Monsters of Rock: The outlook for coal is hot making Whitehaven ‘materially undervalued’ – Datt Capital
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Coal stocks are having a moment amid the global energy crisis.
Today, Whitehaven (ASX:WHC) reported a record profit result of $2 billion (NPAT) for FY 2022 — a product of significantly improved realised thermal (power) coal prices.
The company raked in $325 per tonne, up 242% from $95/t in FY21.
EBITDA (Earnings before interest, tax and D&A) rose an astounding 15 times on the previous financial year, with a result of $3.1 billion achieved.
Free cash flow generated from operations was $2.6 billion. In FY21 it was $169m.
Emanuel Datt, Chief Investment officer and Founder of Datt Capital, says the outlook is also super positive.
“We consider the forward outlook is exceptionally strong, with the ongoing global energy crisis and the peak demand season of the Northern Hemisphere winter mere months away; providing strong upside risk both at company and commodity price levels,” Datt says.
WHC says it is #1 in the ASX100 for total shareholder returns. A fully franked final dividend of 40 cents per share will be paid on 16 September, taking the full year dividend to 48 cents per share.
“Whitehaven have emphasised its commitment to returning capital to shareholders via dividends and share buybacks, and we believe these initiatives will be strongly value accretive for shareholders,” Datt says.
“We consider the company’s current market valuation, of a mere $7.3 billion, at a (backwards looking) price earnings multiple of only 3.5x to be materially undervalued given the strong outlook for the industry, the quality of the company’s assets and the commitment towards aggressively returning excess capital to shareholders.”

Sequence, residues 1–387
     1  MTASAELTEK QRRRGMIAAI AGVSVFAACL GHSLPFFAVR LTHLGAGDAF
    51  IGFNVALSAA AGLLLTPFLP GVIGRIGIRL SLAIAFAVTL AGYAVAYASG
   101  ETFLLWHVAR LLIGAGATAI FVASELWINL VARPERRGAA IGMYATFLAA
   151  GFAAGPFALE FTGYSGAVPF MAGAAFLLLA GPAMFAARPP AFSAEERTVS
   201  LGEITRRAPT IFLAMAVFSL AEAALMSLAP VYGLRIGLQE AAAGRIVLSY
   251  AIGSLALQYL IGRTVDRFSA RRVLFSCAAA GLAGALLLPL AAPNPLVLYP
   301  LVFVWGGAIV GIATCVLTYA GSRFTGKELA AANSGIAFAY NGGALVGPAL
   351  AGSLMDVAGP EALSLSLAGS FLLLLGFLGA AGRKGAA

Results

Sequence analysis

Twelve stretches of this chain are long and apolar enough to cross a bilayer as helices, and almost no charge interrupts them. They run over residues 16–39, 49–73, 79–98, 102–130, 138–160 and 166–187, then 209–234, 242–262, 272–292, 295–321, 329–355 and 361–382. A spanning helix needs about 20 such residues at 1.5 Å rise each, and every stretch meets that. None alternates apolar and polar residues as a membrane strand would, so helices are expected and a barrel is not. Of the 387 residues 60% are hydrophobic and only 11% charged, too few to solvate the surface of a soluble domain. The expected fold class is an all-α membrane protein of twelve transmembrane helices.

Spot thermal coal prices (Newcastle specification) are already at circa $600/t, versus $325/t pricing achieved for FY22.
The upside is clear in FY23.
“The company continues to experience demand excess of its supply capabilities due to the high quality and highly-sought after nature of its coal products as well as its enduring relationships with East Asian customers primarily located in Japan and Korea,” Datt says.
“Any supply response to fulfil demand is unlikely to eventuate for at least 2-3 years, and even Whitehaven itself has been unable to lift production given constraints to permitting, labour and the sheer inability to finance new thermal coal developments.
“Accordingly, existing producers enjoy a significant and likely enduring competitive moat to any potential new entrants,” says Datt.
While diversified miner South32 (ASX:S32) waxes lyrical about the future facing metals in its portfolio, coal still contributes 31% of its earnings. Next is aluminium, at 20%.
It’s mostly met (steel making) coal though, which hasn’t enjoyed thermal’s manic price increases:
Still, S32’s statutory profit after tax increased from a loss of US$195m in FY21 to a record US$2,669m. What changed? Everything became more profitable, led by coal.
For the year, S32 enjoyed higher realised prices for its commodities, including metallurgical coal (+US$1.545bn), aluminium (+US$1.027bn), alumina (+US$386m), nickel (+US$313m), manganese ore (+US$279m), energy coal (+US$88m), zinc (+US$59m) and lead (+US$23m).
Shareholders will now enjoy record returns in FY22 of US$1.3bn, equal to 10% of S32’s capitalisation, it says.
The company is increasing met and thermal coal production in FY23 to 6.5Mt and 900,000t respectively.